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Every one in a while, I get a hankering to have breakfast for dinner. Actually, it’s more specific than that: I get a hankering to have pancakes for dinner. My go-to pancakes are usually my chocolate chip pumpkin pancakes (yes, I am one of those people who hoards canned pumpkin during Thanksgiving time, so I can have cans of it all year round and can make my pumpkin pancakes every Sunday–or whenever the craving strikes).

Tonight, though, I was craving a different kind of pancake: blueberry ricotta. Mmm. I happened to have ricotta in the fridge, as well as some ultra-sweet blueberries, so it seemed like the perfect thing to have on a Saturday evening.

Come along with me on a journey to make these, won’t you?

Pancakes ingredients

Our journey begins...

First thing you’ll notice when you read this recipe is that I’m using healthier ingredients. I’ve mentioned before that I like to keep things on the healthy side; it’s how I get to still eat my favorite foods, while making sure I’m getting good nutrition too. Feel free to substitute anything here with the “traditional” ingredient, but I assure you, it’s just as good the healthy way too :).

Whole Wheat Blueberry Ricotta Pancakes (adapted from Devin Alexander’s recipe; makes a single serving of 3-4 pancakes)


  • 1/4 cup whole wheat pastry flour (I usually use oat flour–which you can easily make by grinding old-fashioned oats in your food processor–but today I felt like a heartier pancake, so I used whole wheat)
  • 1/4 cup buttermilk (you can substitute other forms of milk, but I highly recommend using buttermilk; it makes the pancakes soft, tender, and FLUFFY. If you’re vegan, try adding 1 tsp of lemon juice to your favorite milk substitute and wait a few minutes until the milk thickens and begins to turn sour)
  • 1/2 tsp baking powder
  • 1/2 tsp baking soda
  • 1/8 tsp salt
  • 1/2 tsp vanilla
  • 1 egg white
  • 1/4 tsp cinnamon (optional)
  • 1 tbsp ground flax seed (optional)
  • 1/2 cup blueberries
  • 1/4 cup ricotta (feel free to use whole milk ricotta or part-skim; I like to use tat-free)


Sift the dry ingredients (flour, salt, baking powder, baking soda, cinnamon, flax seed) together. Add the buttermilk, vanilla, egg white, and ricotta. Stir with a spatula until incorporated, but be gentle; as with all batter, overmixing will produce a tough batter. No more fluffy pancakes, boo! Fold in the blueberries.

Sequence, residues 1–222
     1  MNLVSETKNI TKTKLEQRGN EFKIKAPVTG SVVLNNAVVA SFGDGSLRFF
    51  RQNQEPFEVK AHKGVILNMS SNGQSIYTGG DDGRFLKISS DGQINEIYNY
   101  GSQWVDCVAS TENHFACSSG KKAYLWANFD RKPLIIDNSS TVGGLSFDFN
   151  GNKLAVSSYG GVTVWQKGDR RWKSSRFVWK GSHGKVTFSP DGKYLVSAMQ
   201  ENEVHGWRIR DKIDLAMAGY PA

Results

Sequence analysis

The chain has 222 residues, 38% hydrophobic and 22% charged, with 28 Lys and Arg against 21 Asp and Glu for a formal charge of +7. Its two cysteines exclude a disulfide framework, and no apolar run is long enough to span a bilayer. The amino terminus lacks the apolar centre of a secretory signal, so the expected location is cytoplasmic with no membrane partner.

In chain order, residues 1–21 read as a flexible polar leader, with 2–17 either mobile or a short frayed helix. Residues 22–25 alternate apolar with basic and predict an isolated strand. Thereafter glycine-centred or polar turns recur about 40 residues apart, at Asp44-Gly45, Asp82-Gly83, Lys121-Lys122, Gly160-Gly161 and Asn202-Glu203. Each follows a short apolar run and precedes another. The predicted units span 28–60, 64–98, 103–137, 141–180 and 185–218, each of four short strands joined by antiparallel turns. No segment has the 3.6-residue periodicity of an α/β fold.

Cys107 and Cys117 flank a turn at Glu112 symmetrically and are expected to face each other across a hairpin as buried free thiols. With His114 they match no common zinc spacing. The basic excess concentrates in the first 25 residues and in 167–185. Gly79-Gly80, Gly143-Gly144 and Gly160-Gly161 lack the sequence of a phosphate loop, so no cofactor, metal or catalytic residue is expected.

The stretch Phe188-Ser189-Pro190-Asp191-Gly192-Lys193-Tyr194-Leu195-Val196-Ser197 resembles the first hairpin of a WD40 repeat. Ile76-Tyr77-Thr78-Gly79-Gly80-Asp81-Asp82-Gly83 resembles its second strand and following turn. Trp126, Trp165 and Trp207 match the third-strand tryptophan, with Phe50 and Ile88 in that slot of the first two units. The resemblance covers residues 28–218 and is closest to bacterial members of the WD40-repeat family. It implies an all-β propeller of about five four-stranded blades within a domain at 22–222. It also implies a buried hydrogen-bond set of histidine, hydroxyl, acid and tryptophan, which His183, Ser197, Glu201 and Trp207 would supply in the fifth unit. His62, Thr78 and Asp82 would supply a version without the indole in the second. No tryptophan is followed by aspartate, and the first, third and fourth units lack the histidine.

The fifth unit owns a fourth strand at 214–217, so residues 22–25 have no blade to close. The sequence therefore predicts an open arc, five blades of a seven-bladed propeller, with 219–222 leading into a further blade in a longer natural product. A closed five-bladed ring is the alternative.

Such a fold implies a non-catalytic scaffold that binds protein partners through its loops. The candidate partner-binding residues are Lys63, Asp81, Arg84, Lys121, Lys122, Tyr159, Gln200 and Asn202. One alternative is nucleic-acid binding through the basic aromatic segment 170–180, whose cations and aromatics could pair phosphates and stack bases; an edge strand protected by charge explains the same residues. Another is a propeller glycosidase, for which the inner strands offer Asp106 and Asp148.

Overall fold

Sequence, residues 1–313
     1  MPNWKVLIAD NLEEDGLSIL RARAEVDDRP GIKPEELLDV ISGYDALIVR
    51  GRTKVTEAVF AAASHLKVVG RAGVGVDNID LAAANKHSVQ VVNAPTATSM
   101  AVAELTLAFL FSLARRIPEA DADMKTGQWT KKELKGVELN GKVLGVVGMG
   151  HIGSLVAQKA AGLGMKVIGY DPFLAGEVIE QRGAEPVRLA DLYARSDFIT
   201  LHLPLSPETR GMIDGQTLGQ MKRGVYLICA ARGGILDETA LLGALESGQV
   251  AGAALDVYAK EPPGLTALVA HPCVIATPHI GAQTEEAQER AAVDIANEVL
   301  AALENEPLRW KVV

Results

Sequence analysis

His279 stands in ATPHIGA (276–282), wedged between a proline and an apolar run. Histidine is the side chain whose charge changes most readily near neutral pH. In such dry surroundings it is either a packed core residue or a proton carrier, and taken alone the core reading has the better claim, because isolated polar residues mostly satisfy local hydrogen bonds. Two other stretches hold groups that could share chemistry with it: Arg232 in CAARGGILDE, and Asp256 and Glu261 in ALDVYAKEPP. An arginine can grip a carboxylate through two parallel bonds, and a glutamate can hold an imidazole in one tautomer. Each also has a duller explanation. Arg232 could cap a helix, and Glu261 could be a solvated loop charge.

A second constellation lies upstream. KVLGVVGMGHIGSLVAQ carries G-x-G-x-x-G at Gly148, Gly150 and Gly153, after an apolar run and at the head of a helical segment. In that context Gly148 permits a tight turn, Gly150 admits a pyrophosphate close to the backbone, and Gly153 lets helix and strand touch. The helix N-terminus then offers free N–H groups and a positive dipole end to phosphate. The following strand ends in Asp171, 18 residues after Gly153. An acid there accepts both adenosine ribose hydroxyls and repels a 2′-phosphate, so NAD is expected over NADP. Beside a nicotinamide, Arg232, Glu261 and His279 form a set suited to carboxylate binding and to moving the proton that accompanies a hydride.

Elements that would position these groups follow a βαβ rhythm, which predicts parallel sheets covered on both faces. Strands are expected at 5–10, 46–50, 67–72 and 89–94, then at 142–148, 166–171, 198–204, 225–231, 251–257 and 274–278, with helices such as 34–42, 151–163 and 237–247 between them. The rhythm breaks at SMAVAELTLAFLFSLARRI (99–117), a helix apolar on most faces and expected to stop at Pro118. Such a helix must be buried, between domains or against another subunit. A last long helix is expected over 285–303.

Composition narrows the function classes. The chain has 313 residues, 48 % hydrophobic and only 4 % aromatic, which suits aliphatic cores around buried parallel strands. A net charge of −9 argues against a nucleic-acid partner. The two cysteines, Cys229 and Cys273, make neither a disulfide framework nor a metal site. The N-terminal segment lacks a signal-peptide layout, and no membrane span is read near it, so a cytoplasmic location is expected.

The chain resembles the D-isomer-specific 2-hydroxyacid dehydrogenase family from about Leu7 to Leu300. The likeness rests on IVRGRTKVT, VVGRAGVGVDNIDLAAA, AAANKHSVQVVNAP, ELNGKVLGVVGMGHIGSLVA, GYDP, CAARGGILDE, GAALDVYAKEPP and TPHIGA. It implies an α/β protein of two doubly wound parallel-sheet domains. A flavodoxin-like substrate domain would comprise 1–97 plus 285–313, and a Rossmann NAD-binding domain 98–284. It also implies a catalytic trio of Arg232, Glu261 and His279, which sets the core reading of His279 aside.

Heat a nonstick pan or a griddle over medium heat. Spray with a bit of canola oil (or melt a tsp of butter or coconut oil). Start ladling your batter :). Once you start to see bubbles forming on the surface, it’s time to flip your pancakes.

Pancakes cooking

Tiny bubbles...

Cook on the other side, then serve onto a platter. Top with your favorite toppings :). My personal favorites? Peanut butter (yes, you read that right: peanut butter), maple syrup (the REAL thing, people, not the scary corn syrup that’s been given caramel coloring to look like maple syrup), and (yes, you guessed it) more cinnamon. Oh and I top it with strawberries, too, because I love me some berries, and the blueberries need some company :).


Fresh off the griddle...

Mmm… I’m still rubbing my very satisfied tummy :).

Oh and I should mention that this pancake recipe is super versatile. I use it as the base for other pancake variations, including my beloved chocolate chip pumpkin (which, as I mentioned, I have practically every Sunday, provided I’m not traveling). Here’s how to tweak the above recipe to make this yummy variety:

  • Substitute 1/2 cup canned pumpkin for the 1/4 cup ricotta
  • Substitute 1 tbsp mini chocolate chips for the 1/2 cup blueberries (I still eat the blueberries, though; I just use them as a topping for the pancakes, rather than adding them to the batter)
  • Substitute 1/4 cup oat flour for the 1/4 cup whole wheat pastry flour (or you can still use the whole wheat pastry flour, if you’d like)
  • Add 1/8 tsp pumpkin spice


About writejenwrite

Silicon Valley marketer by day, novelist-in-training by night--running addict, foodie, bookworm, pop culture enthusiast, and aspiring philanthropist in between.

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